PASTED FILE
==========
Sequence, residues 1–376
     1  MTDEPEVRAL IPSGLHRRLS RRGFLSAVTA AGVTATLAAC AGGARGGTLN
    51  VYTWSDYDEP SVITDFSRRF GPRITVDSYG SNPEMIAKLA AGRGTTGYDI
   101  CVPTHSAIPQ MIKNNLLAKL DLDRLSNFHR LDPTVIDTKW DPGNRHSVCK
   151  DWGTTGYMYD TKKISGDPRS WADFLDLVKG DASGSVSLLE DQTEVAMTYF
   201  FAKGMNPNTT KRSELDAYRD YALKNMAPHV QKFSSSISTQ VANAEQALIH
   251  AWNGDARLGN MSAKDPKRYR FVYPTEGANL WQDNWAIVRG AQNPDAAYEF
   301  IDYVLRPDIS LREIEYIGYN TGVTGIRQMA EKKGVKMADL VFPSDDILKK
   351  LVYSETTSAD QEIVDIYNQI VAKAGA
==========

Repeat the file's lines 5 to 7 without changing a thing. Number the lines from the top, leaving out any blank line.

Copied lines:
   151  DWGTTGYMYD TKKISGDPRS WADFLDLVKG DASGSVSLLE DQTEVAMTYF
   201  FAKGMNPNTT KRSELDAYRD YALKNMAPHV QKFSSSISTQ VANAEQALIH
   251  AWNGDARLGN MSAKDPKRYR FVYPTEGANL WQDNWAIVRG AQNPDAAYEF